Sharks are often painted as monsters, whilst the vast majority are shy and peaceful animals, fundamentally important to the ocean’s health. And the probability of being bitten by a shark while swimming or surfing is incredibly low.
Back in 1975, Steven Spielberg’s “Jaws” movie became one of the most successful motion pictures of all time. Leveraging on the people’s ancestral fear of big predators, one of the main results of this movie is keeping millions of people out of the water, imprinting on the audience’s mind the idea that sharks are cold-blooded assassins and that killing a shark is not such a bad idea.
This popular feeling, coupled with the increasing request of shark fin from the Chinese market for shark fin soup, have lead many shark populations close to their extinction.
Having a close look at actual numbers of shark attacks and related injuries, the reality is very different than perceived. According to the last International Shark Attack File (ISAF) report, in 2012 there were about 80 unprovoked shark attacks on humans. “Unprovoked” are defined as incidents where an attack on a live human occurs in the shark’s natural habitat without human provocation of the animal. So spear-fishers, shark riders and these kinds of interactions are not included in “unprovoked”.
Most of these episodes occurred in North American waters (42), followed by Australia (14), South Africa (4), and Reunion (3). A single incident was reported from Canary Islands, New Zealand, Nigeria, Saudi Arabia, Tonga and Indonesia. Among these attacks, only seven resulted in a fatality (3 in South Africa, 2 in Australia, 1 in California and 1 in Reunion), following the trend of about 7% of fatalities since the data started to be recorded (approximately first decade of 1900, more than 100 years).
Apparently, many of the shark bites are made by mistake, both as a “tasting” from young individuals, or from adult sharks that have misidentified a surfer laying on his board on the surface as a seal, turtle or sea lion, some of their favourite meals. Surfers and other boat-sport participants were the most impacted in 2012, with 48 incidents. Swimmers and divers were also involved, but in a very low ratio. The so-called “Big Three” – Great White, Tiger and Bull Sharks – were responsible for about 90% of the total fatalities.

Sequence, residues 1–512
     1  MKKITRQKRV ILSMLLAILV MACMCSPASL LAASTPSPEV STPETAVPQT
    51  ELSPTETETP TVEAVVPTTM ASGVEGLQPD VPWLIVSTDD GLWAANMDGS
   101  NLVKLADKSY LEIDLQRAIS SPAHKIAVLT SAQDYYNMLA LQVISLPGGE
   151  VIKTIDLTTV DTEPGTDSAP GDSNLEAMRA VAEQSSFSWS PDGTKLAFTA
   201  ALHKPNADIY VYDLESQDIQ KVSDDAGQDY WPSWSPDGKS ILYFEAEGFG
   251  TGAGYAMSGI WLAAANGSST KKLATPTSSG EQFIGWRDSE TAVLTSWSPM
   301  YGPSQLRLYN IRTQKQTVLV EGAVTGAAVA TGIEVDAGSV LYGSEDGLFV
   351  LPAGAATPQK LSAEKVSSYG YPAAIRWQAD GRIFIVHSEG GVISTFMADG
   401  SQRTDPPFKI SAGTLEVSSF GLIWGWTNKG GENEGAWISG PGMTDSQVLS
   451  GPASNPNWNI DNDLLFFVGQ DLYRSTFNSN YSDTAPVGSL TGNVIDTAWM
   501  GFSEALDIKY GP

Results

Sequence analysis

Even if these numbers would appear worrying at first glance, let’s investigate a little bit more in detail. I would not explain about how dangerous driving a car is in every country or, even worse, driving a motorcycle in Bali or Jakarta. Let’s remain in the natural world for these examples. In the USA only, in the last 50 years, about 2,000 people died from a lightning strike, compared to the only 26 shark attack fatalities. In southern USA, in the same period, 18 people died by an alligator attack, and only nine by shark bite. In Florida, 125 people died as results of tornadoes, compared with six shark attack fatalities.
If you still think that sharks are terrible killers, you might be interested to know that in the last 10 years in the USA, 263 people died by a dog attack, and sharks killed only 10. And in New York City alone, approximately 8,000 people are bitten from another human (!) and some of them even die.